A new University of Colorado at Boulder study indicates North American barn swallows outperform their peers in reproduction -- the "currency" of evolutionary change -- by maintaining a positive balance of antioxidants commonly sold in health food stores.
The study is the first to track concentrations of carotenoids, which are naturally occurring plant pigments, in a wild bird or animal species over the course of the grueling breeding season. Carotenoids can offer the benefits associated with over-the-counter nutritional supplements that protect cells from free radical damage, said CU-Boulder Assistant Professor Rebecca Safran.
Since American barn swallows migrate thousands of miles to their breeding grounds annually and immediately commence courtship, nesting and reproductive activities, many lose significant amounts of weight and become physiologically compromised during the intense spring activities, said Safran, lead study author. But the new study indicates some individuals can bear such costs better than others, she said.
While other studies have looked at carotenoid levels in captive birds at a single point in time, the new study is the first to monitor carotenoids within wild individuals as they feed, mate, nest, and rear young, said Safran of CU-Boulder's ecology and evolutionary biology department. "Our results indicate the concentrations of these molecules are highly variable within individuals over time," she said. "The season-long balance, rather than a sample at a single point in time, indicates which birds are the top performers as parents and mates."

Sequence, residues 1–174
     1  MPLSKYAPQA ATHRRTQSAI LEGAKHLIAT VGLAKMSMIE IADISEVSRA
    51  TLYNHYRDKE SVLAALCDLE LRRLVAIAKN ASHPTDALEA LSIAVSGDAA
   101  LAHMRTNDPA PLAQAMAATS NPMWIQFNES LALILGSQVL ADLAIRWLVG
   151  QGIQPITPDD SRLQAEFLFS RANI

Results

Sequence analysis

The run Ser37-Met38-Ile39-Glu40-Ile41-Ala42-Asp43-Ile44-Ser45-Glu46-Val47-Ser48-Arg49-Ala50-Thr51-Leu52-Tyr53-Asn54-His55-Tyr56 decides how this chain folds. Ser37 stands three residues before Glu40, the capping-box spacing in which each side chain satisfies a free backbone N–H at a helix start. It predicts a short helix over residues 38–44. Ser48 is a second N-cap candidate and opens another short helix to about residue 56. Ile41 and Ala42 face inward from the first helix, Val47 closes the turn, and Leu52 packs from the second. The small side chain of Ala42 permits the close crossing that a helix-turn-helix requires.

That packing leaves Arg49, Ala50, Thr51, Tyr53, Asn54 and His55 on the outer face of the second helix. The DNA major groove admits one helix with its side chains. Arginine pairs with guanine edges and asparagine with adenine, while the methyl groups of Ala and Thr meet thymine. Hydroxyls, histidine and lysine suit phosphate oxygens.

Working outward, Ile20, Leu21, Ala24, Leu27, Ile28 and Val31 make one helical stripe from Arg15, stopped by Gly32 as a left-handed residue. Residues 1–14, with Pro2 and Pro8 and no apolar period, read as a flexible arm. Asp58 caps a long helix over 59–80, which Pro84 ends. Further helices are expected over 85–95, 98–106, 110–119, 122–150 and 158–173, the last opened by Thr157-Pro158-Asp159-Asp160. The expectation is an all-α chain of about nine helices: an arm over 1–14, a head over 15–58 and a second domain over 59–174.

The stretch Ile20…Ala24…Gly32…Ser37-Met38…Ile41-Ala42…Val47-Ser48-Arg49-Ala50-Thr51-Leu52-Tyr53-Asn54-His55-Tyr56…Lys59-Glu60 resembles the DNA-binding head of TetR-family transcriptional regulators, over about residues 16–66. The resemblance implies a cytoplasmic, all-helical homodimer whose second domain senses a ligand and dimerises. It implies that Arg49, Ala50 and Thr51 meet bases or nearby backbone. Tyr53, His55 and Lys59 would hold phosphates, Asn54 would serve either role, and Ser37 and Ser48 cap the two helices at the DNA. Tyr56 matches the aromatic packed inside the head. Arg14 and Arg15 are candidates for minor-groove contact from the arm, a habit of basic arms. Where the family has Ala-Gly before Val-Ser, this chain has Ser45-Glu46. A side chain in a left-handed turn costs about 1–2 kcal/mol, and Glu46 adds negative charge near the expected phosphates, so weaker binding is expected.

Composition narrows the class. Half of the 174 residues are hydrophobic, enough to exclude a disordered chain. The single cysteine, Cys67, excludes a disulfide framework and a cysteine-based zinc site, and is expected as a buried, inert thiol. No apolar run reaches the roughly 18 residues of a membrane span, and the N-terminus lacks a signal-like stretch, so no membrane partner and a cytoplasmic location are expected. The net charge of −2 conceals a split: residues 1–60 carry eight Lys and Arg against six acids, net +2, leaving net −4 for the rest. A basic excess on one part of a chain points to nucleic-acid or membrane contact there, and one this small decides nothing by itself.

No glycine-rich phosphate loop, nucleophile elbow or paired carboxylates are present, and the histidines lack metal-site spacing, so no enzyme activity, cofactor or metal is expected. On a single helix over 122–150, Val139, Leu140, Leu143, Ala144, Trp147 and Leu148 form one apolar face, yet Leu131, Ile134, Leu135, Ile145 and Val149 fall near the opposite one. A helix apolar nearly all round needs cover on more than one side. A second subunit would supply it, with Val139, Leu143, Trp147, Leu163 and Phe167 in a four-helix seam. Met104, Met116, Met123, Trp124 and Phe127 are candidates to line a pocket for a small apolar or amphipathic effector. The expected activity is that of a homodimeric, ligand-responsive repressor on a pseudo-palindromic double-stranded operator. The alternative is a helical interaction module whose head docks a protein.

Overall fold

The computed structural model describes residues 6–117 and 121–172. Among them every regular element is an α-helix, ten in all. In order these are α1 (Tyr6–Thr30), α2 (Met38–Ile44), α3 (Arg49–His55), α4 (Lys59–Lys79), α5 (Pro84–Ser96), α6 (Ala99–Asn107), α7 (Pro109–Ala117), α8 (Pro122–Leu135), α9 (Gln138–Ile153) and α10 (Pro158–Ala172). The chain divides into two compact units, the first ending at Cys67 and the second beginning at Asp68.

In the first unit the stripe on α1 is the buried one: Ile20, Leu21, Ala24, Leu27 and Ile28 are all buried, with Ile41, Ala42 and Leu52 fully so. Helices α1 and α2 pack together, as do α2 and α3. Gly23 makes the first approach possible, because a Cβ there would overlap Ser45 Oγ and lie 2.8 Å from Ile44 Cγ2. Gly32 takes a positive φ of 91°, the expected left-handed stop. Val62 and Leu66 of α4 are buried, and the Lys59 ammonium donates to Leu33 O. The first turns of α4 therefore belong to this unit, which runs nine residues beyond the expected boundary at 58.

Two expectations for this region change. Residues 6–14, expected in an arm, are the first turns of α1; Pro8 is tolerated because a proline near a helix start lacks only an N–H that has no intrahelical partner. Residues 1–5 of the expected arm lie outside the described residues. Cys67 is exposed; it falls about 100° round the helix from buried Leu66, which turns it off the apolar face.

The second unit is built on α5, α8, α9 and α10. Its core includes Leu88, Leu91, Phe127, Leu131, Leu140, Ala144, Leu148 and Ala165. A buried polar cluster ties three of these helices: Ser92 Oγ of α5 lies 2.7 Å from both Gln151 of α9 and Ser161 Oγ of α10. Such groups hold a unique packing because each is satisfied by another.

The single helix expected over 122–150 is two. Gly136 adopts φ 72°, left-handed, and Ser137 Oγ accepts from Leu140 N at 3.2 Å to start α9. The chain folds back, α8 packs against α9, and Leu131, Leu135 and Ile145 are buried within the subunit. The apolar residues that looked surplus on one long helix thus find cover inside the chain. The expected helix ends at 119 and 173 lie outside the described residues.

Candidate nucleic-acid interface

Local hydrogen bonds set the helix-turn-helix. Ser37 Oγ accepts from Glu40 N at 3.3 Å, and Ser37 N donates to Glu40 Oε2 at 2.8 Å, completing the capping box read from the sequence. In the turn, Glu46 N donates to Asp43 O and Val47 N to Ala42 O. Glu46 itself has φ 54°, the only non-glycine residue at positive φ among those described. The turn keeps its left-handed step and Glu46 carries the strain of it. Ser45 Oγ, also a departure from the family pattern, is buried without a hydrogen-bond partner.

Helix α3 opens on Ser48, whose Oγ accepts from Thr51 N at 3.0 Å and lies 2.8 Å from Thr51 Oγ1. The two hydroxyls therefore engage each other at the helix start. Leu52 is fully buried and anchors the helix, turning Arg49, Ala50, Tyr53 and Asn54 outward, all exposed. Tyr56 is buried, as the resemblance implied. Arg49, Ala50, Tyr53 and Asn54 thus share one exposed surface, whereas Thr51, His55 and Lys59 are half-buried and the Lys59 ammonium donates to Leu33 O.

A paper on the subject appears in the Feb. 25 issue of PLoS One, a journal of the Public Library of Science. Co-authors on the study included Arizona State University Associate Professor Kevin McGraw, CU-Boulder doctoral students Matthew Wilkins and Joanna Hubbard and project volunteer Julie Marling.
"By monitoring wild populations of ba
|Contact: Rebecca Safran|
University of Colorado at Boulder